All aboard the League Liner – football's disco trainPlus: managing multiple clubs in one Cup, more beastly bosses and a papal trip into the archive. Send your questions and answers to [email protected] and follow us on Twitter
Burnley chairman Bob Lord climbs into the driver's cab for a ride on the footplate during the first run of the League Liner in 1973. Photograph: PA Archive
Wed 27 Feb 2013 00.06 GMT
"A friend was telling me a brilliant story, which sadly sounds like a myth, that the Football League used to own a disco train, which it rented out to clubs back in the day," says Casey Richards. "Is this really true?"
"Unless I'm somehow getting the wrong end of the stick here, I remember this well," writes Jeremy Simmonds, who has a firm hold of the correct end of this stick. "It was called the League Liner, an early-seventies British Rail train equipped to cater for football supporters travelling away. The coaches offered music, basic VT machines showing football and the aforementioned 'disco carriage'." Indeed, according to this fine clip from the train's inaugural journey from Burnley to London in 1973, it had a "discotheque with coloured lights, disc jockeys and a noise guaranteed to beat any train stone dead".
Football fans kept smashing trains up, see, so the Football League teamed up with British Rail to offer first class travel – the trains were the same as the ones that did runs to Ascot, what-what – in an attempt to civilise passengers. Or rather, get those oiks to bring civilised passengers along with them.
"The added touch of luxury provided by the League Liner, together with its unusual and novel facilities, will encourage supporters to bring their wives and families – and girlfriends – with them," chirruped Alan Hardaker, in a British Rail press release from January 1973. "I feel that much of the trouble on football specials, the hooliganism and the vandalism, is caused because the youngsters have nothing to interest them," said Burnley's commercial manager Jack Butterfield, part of the committee that set it all up. "We hope that wives and girlfriends of the fans will take the chance for this cheap excursion to London."
Tickets cost £3.50 return (about £29 these days; the usual soccer specials cost about £1.50, or £12 in today's money). "Even if they are not interested in football they can be guaranteed five hours in London for a shopping spree."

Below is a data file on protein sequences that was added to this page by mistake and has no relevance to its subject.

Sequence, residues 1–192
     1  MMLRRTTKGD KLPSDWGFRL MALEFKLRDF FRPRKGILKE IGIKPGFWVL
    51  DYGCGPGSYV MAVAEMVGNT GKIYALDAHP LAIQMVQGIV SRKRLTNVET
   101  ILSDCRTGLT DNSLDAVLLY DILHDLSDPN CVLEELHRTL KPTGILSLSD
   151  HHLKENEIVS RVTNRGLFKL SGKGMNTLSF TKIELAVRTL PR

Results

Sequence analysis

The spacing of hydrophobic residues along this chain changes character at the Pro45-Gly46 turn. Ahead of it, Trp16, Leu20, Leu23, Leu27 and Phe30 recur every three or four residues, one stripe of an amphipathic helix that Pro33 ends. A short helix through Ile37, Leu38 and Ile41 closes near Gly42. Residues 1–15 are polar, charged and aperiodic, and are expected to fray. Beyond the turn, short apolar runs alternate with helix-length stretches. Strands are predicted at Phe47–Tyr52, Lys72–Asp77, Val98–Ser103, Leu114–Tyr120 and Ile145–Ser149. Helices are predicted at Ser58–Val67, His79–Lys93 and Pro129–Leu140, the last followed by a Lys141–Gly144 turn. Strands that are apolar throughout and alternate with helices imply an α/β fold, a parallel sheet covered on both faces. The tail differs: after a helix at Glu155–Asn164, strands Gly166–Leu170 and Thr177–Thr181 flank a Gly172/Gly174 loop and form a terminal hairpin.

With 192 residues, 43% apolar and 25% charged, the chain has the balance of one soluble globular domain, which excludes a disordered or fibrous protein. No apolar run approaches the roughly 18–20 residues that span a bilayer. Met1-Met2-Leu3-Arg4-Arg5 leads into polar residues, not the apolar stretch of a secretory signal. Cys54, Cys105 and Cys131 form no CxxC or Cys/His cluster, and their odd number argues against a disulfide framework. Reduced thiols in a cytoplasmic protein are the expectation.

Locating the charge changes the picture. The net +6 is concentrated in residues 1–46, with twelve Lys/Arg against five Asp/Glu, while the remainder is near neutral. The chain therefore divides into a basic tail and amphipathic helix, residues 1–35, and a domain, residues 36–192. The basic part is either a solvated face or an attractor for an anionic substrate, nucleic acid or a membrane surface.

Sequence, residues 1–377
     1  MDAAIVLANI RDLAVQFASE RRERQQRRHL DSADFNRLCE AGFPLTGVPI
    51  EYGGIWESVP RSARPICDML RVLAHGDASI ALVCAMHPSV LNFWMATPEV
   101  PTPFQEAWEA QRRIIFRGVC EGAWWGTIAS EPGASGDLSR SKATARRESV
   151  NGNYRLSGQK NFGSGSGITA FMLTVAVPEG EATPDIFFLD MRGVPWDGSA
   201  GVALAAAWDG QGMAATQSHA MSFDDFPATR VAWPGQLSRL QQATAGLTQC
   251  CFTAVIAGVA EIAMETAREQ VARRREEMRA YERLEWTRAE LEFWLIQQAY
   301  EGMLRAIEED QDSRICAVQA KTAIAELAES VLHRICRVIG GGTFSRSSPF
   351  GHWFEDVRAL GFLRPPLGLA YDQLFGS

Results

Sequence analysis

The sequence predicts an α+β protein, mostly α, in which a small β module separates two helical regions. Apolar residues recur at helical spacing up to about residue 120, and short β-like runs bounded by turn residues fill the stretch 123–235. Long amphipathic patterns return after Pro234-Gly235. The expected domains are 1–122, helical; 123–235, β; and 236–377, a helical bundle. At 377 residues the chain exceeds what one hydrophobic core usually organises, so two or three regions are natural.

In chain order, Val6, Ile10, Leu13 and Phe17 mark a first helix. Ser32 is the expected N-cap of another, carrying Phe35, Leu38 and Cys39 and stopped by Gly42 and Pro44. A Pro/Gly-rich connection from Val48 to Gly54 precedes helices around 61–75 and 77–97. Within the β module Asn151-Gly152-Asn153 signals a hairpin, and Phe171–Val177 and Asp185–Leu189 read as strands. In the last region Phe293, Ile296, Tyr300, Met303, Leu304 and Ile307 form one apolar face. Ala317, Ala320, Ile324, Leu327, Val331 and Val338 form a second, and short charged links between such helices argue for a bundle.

Essentially the plan was that the chicks side-step alluringly to David Cassidy and distract their men for long enough to stop too much damage being done to the light fittings and then they could go up west and get themselves something pretty.
Th'Owd Syker was moved to write a poem about the train ("They sat theer entranced, watching t'coloured TV, they'd nair sin owt like it, were quite plain to see; then they went into disco, but ah'm telling you straight, they thowt they said bisto, an it wer summat to eight"), but one Burnley fan complained that he had been unable to buy a ticket for the train because it was already full, and not just with football fans but girls, too!
Butterfield insisted that there were no more than a dozen shoppers on the train but offered to lay on a coach for £2.45 return. (When Burnley had it for a trip to West Ham the following season, the League Liner departed before many fans had reached the station, and the club had to compensate them with free tickets to Coventry away on New Year's Day. On board the standard train that day the heating failed and there was no buffet.)
Clubs would take it in turns to hire the train and were in charge of ticketing and so on. Before it was removed from the British Rail fleet in 1976, the League Liner carried all sorts to everywhere: Crystal Palace to Sunderland in 1973, Middlesbrough to Preston in 1974, Hartlepool to Swansea in 1975. Often the team and manager would be aboard for the journey home, and we've heard tales that at least a few players cracked open a couple of tins with supporters as the train lurched home on a Saturday evening.
Butterfield had hoped that the League Liner would be the first of many but even in its second season in service fans began to complain that previous passengers had wrecked the interior (West Ham and Liverpool supporters were popular scapegoats). By the time it was decommissioned the train had lost all of the sheen that had initially attracted news reporters.
Much Appreciated, a concept probably too ahead of its time, but still wonderfully unique.No photos but here's a decent writeup on it from the Grauniad....
In the book Even Coarser Rugby. Michael Green wrote a piece about a trip to Paris to cover a rugby international and what actually happened. He described getting stuck in the sliding doors on the Metro on the way to the stadium.I think that the journalist/humorist Michael Green (The Art of Coarse...) wrote a lightweight item on one of the early trips (with Burnley supporters, I think). It appeared as a short chapter in one of his later books. I will see if I can find it.